When my oldest son was a newborn, I considered the day a success if I brushed my teeth and put on pants that weren’t pajamas.
Maybe you can relate to this zombie-like trance that new mothers experience during those early weeks. But after a while, it’s time to re-enter the civilized world.
You’re tired of burning dinner because the baby was crying (or is that just me?) and you’ve got your favorite delivery guy on speed dial.
It’s time put to on some pants and pick your favorite restaurant because I’m going to give you some tips that I’ve learned over the years about how to (successfully) go out to dinner with a baby.
How NOT to Eat Out with a Baby
My husband and I could hardly believe that the hospital let us take a tiny human being home without giving us a manual. We quickly realized how underprepared we were to care for this baby.
What were we supposed to do with him? Why is he always hungry? If he’s really so sleepy, why doesn’t he ever sleep? We were clueless.
After his one week check-up, my exhausted husband and I thought it would be easier to eat out than to go home and cook. We were so naïve.
We walked into the restaurant with no car seat, thinking we were about to enjoy our first meal as a family of three out in the real world. “I’ll just hold him in my arms” I thought. Mistake. I couldn’t eat.
We sat in a booth, even though we knew he would need to nurse soon. Mistake. I was too squished to comfortably feed him.
When he began to scream, the other diners stared – some with compassion, and others clearly annoyed. I had no clue what I was doing and it was painfully obvious to everyone there.
That little peanut is now a rowdy six-year-old with an even wilder little brother.
But now that I’ve got some experience under my belt, I hardly bat an eye when we dine out with our rambunctious crew.
Their baby sister, now five months, seems like a breeze compared to her brothers. Experience is the mother of wisdom, they say.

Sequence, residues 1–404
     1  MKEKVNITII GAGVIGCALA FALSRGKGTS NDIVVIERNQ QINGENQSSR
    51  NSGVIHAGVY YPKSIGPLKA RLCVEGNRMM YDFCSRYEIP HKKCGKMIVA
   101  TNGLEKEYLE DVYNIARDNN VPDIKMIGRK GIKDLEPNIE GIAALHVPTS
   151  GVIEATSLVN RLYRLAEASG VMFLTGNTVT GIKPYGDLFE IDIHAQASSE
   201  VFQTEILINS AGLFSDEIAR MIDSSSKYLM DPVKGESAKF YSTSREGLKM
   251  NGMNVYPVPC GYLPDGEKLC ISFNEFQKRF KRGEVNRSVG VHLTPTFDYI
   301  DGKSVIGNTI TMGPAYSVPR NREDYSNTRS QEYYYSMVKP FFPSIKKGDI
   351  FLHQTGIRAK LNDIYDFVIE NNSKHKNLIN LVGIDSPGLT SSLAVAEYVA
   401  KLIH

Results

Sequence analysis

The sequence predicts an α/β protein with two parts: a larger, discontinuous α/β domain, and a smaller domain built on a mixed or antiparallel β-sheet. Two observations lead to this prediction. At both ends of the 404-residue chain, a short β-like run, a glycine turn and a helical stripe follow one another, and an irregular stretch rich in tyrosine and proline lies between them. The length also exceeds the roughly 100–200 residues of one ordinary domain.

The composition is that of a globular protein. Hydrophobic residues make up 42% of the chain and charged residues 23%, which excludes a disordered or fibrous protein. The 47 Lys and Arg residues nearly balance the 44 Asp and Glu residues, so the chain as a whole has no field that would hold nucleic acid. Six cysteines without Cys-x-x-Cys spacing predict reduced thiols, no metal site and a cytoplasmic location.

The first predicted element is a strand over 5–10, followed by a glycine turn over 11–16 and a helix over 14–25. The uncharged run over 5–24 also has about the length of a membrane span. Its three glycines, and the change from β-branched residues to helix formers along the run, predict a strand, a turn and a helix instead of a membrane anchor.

Learn from my experience and enjoy tonight’s dinner out, without all of my rookie mistakes.
10 Tips to Survive Eating Out With a Baby
1. Make Sure Your Baby Has a Seat
It may seem obvious, but one of the most important things to consider is this: where will my baby sit?
Please don’t make my mistake and try to hold your baby during the meal!
It’s awkward, uncomfortable, and you’re likely to drop pasta on your newborn’s face (guilty as charged). Just don’t do it.
If your baby is under 6 months and you have a detachable infant car seat, your best option is to just bring the car seat into the restaurant with you.
Babies can sit in a high chair when they can sit up on their own, which is typically somewhere around 4-6 months, though some babies may take longer.
But even if your baby is sitting up on his own, by the time you order, wait for the food, eat, and pay, he may tire of sitting and need to be held.
So hold off on the high chair until you are confident your little one can sit comfortably long enough.
Some restaurants may offer to flip over a wooden high chair to use as a stand for your car seat, but please do not do this. It’s far too easy for a waiter or customer to bump into and knock the car seat over, injuring your infant.
If your baby is old enough to sit on his own, take advantage of the restaurant’s high chair if they don’t have any available, bring your own.
This Summer Infant Pop and Sit Booster straps onto any standard chair and has a detachable tray in case the table is not the right height for your baby. It folds up to save space and can be used both indoors and outdoors.
2. Choose Your Table Wisely
Whether you seat your baby in an infant car seat or a high chair, you’ll need to make sure to avoid blocking the aisles of the restaurant, and you’ll also need a table large enough to accommodate a sippy cup, snacks, and any entertainment (more on that later) you may have brought with you.
Make sure to mention your preference to the hostess before you are seated, and if they seat you in a location that isn’t suitable, speak up!
If your little one is in a car seat, request a large booth. Most restaurant booths have enough space for the car seat to sit sideways, facing you.
Young babies are fascinated by your face and hands, so you’ll be close enough to keep baby entertained while still having the freedom of movement you’ll need to eat.
Bonus: booths are like tiny jails for little kids, so if you have other children, you can keep them contained in a booth and avoid them tipping chairs or standing in the aisles.
If you are breastfeeding and anticipate that you’ll need to nurse the baby while you’re out, be sure to choose a table with enough room to maneuver. And don’t make my mistake by eating out while you’re still figuring out the whole breastfeeding gig!